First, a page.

Saving for retirement before age 40 could make you miserable

Saving for retirement before age 40 could make you miserable
Saving for retirement early on in one's career isn't always optimal, a new study finds.FG Trade/Getty Images
  • Young adults don't need to start saving for retirement until their 40s, a new NBER paper finds.
  • That's if you're college-educated, expect steep income growth, and value other things over money.
  • The paper based its findings on "total life satisfaction" rather than savings.

Young adults could be making a big mistake in saving for retirement early.

Those short on cash but anticipating significant earnings growth down the road don't need to save for retirement early on in their careers, states a new working paper (meaning it hasn't yet been peer-reviewed) from the National Bureau of Economic Research (NBER). The paper looked at whether automatic enrollment with employer-sponsored 401(k) accounts is consistent with all stages of one's life cycle. This finding goes against conventional financial wisdom that one should start saving as early as possible to take advantage of compound interest.
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How could the conventional wisdom be so wrong?

The paper is centered on the idea that money doesn't always equal fulfillment. Instead, it looks at "total life satisfaction from material consumption," Stanford University professor and one of the paper's authors, John Shoven, told Geoff Colvin of Fortune.

Shoven explained to Colvin that enjoying savings in the future might not be as satisfying as expected because people are impatient and may not be healthy come retirement time - they might not even be alive.
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The college-educated can delay retirement savings

The authors constructed a life-cycle model, assuming a millennial born in 1995, who begins work at age 25, and retires at age 67. It also assumed 27% in federal and state taxes, 2% in inflation, and standard Social Security benefits, and it looked at the effects of an employer 401(k) match of 50%, up to 6% of wages.

Workers with only high school degrees are more likely to experience flat wage growth, a small rise in inflation-adjusted earnings, per the model. When interest rates are high, they begin saving when starting work at 25, regardless of an employer match. When interest rates are low, this cohort is more likely to wait to save for retirement until their 30s. But for college-educated workers, earnings at age 25 are typically only 42% of their peak earnings at 45 or 50, and in this case, "saving for retirement when income is temporarily low could be suboptimal," the report states.
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When would a college-educated worker start saving, then? Not until their 40s if interest rates are low at 0% - 41 if their employer offers a match, and 44 otherwise.

Oversaving for retirement has its downsides

While it might not make sense to delay retirement savings when interest rates are low, it does if the goal is maximizing life satisfaction.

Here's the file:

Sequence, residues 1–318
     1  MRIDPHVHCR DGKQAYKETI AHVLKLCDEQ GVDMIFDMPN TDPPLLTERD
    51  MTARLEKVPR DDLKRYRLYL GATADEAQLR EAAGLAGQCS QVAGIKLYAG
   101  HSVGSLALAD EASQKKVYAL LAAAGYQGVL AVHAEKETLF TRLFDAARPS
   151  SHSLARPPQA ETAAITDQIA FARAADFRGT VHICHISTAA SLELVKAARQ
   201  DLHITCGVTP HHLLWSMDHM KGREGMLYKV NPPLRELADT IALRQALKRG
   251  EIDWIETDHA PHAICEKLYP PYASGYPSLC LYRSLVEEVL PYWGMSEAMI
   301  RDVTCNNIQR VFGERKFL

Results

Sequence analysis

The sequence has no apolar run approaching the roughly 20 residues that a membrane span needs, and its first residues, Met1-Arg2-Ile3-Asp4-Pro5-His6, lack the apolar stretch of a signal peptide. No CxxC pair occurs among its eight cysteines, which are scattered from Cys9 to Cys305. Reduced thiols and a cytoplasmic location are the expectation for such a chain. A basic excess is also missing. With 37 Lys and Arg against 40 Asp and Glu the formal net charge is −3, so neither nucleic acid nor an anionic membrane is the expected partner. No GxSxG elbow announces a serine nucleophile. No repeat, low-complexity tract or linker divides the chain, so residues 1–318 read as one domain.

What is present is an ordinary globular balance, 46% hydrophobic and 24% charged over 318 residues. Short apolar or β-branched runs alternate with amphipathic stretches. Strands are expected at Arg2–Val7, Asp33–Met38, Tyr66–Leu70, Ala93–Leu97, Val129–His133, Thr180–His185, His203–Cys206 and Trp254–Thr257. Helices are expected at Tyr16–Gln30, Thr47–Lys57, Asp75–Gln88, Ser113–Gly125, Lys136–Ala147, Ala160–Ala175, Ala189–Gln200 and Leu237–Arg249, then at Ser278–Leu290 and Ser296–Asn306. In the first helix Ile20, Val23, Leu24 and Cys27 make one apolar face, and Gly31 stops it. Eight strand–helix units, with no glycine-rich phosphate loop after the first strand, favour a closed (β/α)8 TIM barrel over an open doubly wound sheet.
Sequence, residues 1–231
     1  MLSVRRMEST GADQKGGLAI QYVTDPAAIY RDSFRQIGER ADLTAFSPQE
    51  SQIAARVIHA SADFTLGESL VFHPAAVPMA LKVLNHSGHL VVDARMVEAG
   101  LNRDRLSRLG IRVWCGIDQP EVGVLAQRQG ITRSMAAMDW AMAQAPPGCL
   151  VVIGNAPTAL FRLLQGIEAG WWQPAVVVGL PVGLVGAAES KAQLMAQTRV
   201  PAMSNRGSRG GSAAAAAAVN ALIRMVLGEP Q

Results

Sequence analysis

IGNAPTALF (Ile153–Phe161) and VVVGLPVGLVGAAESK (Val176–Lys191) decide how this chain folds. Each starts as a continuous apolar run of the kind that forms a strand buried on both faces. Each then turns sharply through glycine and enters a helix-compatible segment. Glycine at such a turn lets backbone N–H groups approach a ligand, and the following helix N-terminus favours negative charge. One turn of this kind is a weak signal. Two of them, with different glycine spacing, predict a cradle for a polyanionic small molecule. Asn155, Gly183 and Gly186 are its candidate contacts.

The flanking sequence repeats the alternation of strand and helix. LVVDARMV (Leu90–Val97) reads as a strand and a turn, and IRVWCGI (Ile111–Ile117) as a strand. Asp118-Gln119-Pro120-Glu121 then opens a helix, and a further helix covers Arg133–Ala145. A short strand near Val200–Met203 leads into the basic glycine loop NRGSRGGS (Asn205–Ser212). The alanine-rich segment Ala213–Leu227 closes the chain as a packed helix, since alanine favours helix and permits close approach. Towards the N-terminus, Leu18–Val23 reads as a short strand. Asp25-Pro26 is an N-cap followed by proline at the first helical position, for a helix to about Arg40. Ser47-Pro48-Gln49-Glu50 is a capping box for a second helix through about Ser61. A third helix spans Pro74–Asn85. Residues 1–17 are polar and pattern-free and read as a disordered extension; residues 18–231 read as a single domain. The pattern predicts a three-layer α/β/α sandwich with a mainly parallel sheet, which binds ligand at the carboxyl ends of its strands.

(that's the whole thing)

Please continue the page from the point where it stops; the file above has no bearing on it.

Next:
Workers aren't inclined to forfeit spending now for a non-guaranteed later, and employer matching helps them play savings catch-up.
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Saving too much for retirement can be dangerous because it might cause one to sacrifice short-term goals in the process, Priya Malani, a financial advisor and founder of the New York-based Stash Wealth, previously told Insider.

She said that oversaving for retirement is one of the biggest financial mistakes her six-figure-earning millennials clients make. They typically stash away money without thinking about an end goal or are saving "super aggressively" - such as starting to save in their 20s and maxing the contribution limit of their 401(k), she added.

"Oversaving is pretty easy to do when you're a high earner," she said. "The potential issue with oversaving for retirement is that if you're saving in an arbitrary fashion (without any specific goal in mind), you're likely compromising on the goals you probably want to accomplish between now and retirement."
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Life is short and unpredictable

However, this isn't to say all millennials should postpone saving for retirement.

The generation is behind on building wealth, thanks to an affordability crisis marked by astronomical student-loan debt, soaring living costs, and two recessions that led to stagnant wages. The 55% of millennials who don't have a 401(k) said it's because they're not earning enough money, per a 2019 Insider and Morning Consult survey. And 9% of millennials said they expect to never retire at all.

The authors of the NBER paper also didn't account for uncertainty with future wages, such as job loss, and having children, both of which may warrant saving at an earlier age. They noted that workers presented with an option to cash out early (which would incur a penalty) would also benefit from saving earlier. And saving at a younger age may form a habit that makes saving easier during middle age, they wrote.
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There's also talk that Social Security, which the authors include in their model, will be depleted by 2031.

Ultimately, retirement planning is circumstantial and best done with a financial expert, Malani said. Saving for retirement is important, she added, but all about establishing a balance between the lifestyles you want now, both in the short term and in the long term. According to the report's findings, a college-educated worker can best strike that balance by waiting to enroll in a 401(k) until later on in their career.
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